could be summoned. So ended the life of this man who was preacher, philoso- pher, scientist and doctor. His biog- rapher gives a little portrait of him as very tall, dignified, in some respects eccentric, and to people who displayed w-ilful ignorance or disregard to religi- ous truth "his language and manners possessed a degree of what might be denominated Johnsonian rudeness." Fortunate!}' the Johnsonian genius was his also.
Essays on Various Subjects, N. York, 1824. A Biographical Memoir of Ilugli William- son, D. Hosack, N. York, 1820. Portrait in the Surg-general's Library, Wash., D. C.
Wilson, Ellwood (1822-1889).
The son of a farmer in Bucks County, Pennsylvania, Ellwood Wilson, gynecol- ogist and obstetrician, was born in that county on February 4, 1822, and had for early education the village school and library. After acting as druggist's apprentice he graduated from the Jeffer- son Medical College in 1845 and went that same year on the staff of the Philadelphia Dispensary, a place which furnished him plenty of obstetrical and gynecological cases, his ability leading Charles D. Meigs to take him as assistant, and, when Meigs retired, a good deal of the practice fell to Wilson; also he succeeded Dr. Warrington in the Philadelphia Lying- in Charity, and when associated with him founded and conducted the first training school for nurses, and was also a founder of the Philadelphia Obstetrical Society. It is believed he was the first to establish a dispensary there for the exclusive treatment of women and the first to clinically lecture on their diseases. As he was instrumental in helping some 34,000 babies into the world he did not get much time to write about any abnor- malities in them or their mothers. He entered into a discussion with Dr. William Goodell upon the relative value of podalic version and forceps delivery in narrow pelves, advocating the forceps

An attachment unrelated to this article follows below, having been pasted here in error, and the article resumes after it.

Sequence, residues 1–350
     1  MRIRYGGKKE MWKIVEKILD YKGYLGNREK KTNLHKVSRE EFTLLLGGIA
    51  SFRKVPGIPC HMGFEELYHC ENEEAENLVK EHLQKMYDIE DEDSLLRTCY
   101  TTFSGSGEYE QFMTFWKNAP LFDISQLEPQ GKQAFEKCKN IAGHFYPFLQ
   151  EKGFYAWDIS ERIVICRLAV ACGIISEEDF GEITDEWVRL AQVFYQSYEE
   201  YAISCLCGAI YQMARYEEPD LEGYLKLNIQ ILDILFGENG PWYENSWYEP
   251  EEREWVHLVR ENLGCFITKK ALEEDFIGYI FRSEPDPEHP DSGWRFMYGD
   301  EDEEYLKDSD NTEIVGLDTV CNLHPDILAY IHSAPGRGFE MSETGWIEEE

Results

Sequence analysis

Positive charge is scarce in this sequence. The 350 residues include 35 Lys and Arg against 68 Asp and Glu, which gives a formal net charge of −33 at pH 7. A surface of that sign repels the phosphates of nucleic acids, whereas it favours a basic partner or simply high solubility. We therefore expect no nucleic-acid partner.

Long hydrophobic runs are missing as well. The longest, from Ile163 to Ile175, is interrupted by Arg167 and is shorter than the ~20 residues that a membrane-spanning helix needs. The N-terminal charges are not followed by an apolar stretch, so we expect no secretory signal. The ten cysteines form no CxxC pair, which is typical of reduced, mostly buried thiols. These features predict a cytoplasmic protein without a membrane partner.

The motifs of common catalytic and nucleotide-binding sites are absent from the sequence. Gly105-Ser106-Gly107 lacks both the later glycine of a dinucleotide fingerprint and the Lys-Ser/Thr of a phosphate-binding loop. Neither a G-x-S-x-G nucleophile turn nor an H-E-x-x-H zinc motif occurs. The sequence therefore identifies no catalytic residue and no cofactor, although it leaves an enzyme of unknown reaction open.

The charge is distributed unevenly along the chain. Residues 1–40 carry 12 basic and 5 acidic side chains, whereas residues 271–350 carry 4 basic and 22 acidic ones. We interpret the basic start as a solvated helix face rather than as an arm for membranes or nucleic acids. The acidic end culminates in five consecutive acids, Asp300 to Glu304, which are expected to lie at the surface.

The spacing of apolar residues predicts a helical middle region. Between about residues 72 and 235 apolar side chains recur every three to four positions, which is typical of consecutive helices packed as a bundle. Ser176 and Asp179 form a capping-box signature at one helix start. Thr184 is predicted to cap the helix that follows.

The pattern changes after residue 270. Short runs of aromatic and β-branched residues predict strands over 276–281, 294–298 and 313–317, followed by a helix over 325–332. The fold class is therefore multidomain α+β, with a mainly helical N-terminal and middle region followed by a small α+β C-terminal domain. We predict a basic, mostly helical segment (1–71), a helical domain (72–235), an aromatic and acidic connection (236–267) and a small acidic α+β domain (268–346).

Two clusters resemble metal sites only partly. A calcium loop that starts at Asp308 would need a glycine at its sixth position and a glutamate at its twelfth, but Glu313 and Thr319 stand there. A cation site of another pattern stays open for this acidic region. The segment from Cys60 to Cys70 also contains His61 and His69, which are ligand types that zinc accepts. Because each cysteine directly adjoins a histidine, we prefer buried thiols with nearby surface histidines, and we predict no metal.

as a wiser procedure. He was one of the earliest members of the American Gyne- cological Society, its vice-president, and member of the College of Physicians of Philadelphia.
He died on July 14, 1889, at his coun- try house near Philadelphia.
From the Trans. Amer. Gyn. Soc, 1889,
vol. xiv (W. n. Parish).
Also Am. Jour. Obstet., N. Y., vol. xxii, 1889.
Wilson, Henry Parke Custis (1827-1897),
Practically the founder of gynecology in Maryland, Henry Parke Custis Wilson was born on March 5, 1827, in Somerset County, Maryland, and died in Balti- more, December 27, 1897. His father's ancestor, Ephriam, came over from Eng- land and settled on the eastern shore in the early part of the eighteenth century and Henry was the son of Henry Parke Custis and Susan E. Savage Wilson.
He was educated at Princeton, whose A. B. and A. M. he held and graduated M. D. from the University of Maryland in 1851, settling afterwards in Baltimore and practising there until his death in 1897.
For some years he was the only gyne- cologist in Baltimore and was the second in his state to do a successful ovariotomy and the first there to remove the uterine appendages by abdominal section. Re- port makes him the second in the world to remove a large uterine tumor, this patient recovering. He also invented a number of instruments for use in gyne- cological surgery.
In 185S he married Alice Brewer Griffith, of Baltimore, who with five children survived him: Pioljert Taylor, William Griffith, Alicia Brewer, Emily Griffith and another daughter. The elder son became a doctor.
Wilson was a founder and president of the American Gynecological Society; the Medical and Chirurgicial Faculty of Maryland; member of the British Medi- cal Association; vice-president of the British Gj'necological Society and honor- ary fellow of the Edinburgh Obstetrical